Flying these days can be a miserable experience; from the extra charges for baggage and meals to the seats that are continually shrinking, airlines have made big and sometimes unpleasant changes in recent years.
Now, a low-budget airline in India, IndiGo, is making another update. The airline created “Quiet Zones” on their airplanes where children under of the age of 12 are not permitted.
The Quiet Zone encompasses rows one through four and 11 through 14, and was created for “business travelers who prefer to use the quiet time to do their work,” according to a statement released by the company.
Surprisingly, IndiGo isn’t the first airline to create kid-free zones. Malaysia Air, AirAsia X and Singapore’s Scoot airline also feature areas where children are not allowed. However, no U.S. airline has, so far, created such zones.
According to a “Today” poll, 67% of people are in favor of child-free zones on planes, but are they really worth the extra money? As one Twitter user pointed out, child-free zones won’t be “noise free.”
Another Twitter user mentioned that having a child-free zone is about as effective as allowing smoking rows; it’s not like the rest of the plane won’t still smell the smoke.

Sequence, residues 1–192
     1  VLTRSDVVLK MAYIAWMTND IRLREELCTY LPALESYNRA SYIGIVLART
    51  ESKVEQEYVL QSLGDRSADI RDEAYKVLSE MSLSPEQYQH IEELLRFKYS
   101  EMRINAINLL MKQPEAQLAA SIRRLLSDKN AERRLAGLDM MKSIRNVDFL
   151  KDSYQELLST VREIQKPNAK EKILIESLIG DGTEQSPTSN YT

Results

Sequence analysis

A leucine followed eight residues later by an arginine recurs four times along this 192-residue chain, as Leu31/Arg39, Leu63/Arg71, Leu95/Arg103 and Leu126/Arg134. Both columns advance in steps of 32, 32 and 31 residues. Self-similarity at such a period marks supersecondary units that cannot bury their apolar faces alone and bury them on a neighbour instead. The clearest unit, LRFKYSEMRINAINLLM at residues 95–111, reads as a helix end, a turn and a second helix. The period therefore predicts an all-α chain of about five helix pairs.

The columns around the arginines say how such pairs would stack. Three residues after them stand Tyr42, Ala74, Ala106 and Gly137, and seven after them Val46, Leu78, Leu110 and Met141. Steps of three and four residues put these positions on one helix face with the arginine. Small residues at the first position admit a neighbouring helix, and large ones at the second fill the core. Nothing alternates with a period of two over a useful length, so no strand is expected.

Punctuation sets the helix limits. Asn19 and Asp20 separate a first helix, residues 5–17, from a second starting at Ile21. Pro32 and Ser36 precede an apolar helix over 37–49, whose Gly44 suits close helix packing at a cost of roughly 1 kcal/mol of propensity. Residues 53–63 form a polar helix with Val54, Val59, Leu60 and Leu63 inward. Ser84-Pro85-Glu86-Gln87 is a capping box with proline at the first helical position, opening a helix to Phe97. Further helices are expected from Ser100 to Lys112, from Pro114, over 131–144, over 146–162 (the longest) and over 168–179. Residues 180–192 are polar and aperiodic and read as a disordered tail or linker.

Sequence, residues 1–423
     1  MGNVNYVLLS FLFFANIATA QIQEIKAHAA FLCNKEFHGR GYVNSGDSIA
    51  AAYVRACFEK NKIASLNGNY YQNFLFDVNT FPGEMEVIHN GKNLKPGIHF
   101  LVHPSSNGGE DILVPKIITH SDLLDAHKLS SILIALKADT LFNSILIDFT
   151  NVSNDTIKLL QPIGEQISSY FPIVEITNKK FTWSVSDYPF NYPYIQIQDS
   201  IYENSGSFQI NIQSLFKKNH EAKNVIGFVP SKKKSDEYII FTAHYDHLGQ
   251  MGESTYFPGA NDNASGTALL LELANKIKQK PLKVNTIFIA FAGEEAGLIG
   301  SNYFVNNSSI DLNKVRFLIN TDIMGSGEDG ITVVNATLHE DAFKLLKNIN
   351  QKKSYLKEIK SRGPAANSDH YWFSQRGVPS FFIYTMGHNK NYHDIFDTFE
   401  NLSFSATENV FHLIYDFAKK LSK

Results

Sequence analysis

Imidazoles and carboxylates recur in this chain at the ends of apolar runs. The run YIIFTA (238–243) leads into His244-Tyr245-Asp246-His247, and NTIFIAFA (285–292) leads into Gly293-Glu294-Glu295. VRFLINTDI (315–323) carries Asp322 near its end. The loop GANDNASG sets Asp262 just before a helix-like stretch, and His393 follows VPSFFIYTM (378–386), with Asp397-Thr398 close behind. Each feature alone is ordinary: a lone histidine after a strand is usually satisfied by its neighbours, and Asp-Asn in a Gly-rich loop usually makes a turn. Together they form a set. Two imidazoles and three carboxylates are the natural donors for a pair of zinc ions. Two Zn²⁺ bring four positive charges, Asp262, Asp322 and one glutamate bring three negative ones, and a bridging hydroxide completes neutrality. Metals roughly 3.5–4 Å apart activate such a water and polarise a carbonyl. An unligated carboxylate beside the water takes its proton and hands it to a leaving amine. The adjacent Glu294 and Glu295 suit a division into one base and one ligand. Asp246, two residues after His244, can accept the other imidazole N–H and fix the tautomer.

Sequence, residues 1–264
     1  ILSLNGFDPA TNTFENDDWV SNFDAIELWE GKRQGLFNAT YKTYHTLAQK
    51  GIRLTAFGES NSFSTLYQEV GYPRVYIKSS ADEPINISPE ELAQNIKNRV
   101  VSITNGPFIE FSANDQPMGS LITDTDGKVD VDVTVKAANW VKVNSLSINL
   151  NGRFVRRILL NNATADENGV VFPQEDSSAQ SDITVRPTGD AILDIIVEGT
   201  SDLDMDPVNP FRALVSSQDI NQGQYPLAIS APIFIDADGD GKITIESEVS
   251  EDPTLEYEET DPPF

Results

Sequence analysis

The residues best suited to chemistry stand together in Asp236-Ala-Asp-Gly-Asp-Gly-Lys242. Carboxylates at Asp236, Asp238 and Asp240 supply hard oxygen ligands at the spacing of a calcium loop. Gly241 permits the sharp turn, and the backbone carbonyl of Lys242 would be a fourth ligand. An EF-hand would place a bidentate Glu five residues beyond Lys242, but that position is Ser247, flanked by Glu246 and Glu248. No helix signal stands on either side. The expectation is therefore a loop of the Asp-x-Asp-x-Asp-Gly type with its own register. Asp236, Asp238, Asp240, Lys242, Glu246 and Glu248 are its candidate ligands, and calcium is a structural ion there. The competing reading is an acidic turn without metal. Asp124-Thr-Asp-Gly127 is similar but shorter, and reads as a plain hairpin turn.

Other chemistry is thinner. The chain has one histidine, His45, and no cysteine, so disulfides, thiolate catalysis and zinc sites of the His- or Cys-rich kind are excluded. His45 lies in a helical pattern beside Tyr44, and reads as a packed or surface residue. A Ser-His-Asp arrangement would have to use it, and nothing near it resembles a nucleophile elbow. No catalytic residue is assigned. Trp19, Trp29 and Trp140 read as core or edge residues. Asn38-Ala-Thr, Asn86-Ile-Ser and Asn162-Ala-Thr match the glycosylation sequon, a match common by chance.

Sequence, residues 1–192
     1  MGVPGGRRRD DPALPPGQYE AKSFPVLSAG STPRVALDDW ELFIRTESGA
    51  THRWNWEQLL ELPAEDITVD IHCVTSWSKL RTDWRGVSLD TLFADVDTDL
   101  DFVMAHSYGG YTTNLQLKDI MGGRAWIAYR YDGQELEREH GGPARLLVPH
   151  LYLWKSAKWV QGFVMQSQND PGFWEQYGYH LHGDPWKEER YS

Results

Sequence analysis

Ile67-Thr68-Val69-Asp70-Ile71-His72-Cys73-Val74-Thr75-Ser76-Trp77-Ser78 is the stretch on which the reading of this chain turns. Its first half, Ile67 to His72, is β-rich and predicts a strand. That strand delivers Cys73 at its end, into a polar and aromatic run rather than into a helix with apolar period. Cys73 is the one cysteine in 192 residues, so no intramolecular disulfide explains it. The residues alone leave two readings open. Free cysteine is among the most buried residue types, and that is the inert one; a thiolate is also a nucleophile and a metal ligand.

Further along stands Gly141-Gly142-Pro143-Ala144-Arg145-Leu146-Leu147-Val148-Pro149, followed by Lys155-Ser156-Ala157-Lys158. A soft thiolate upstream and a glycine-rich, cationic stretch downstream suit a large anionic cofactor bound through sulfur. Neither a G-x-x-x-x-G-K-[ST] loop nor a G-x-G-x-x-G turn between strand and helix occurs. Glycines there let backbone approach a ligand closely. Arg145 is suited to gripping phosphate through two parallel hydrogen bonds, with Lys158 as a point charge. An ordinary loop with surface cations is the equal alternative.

Airfarewatchdog.com’s George Hobica agreed that child-free zones are useless. “Of course people would love to avoid screaming, crying kids on flights, but it just isn’t practical from an operations perspective,” Hobica told “Today.”
He added, “And just like when airlines had smoking sections, if you’re only a row or two away from the kids-free zone, you’ll still be bothered by a child with strong lungs because like smoke, sound carries. The best solution is for parents to bring a supply of foam ear plugs for seat mates and for seat mates to bring noise-canceling earphones with the Led Zeppelin at max volume.”
What do you think? Are child-free zones useless or a good idea?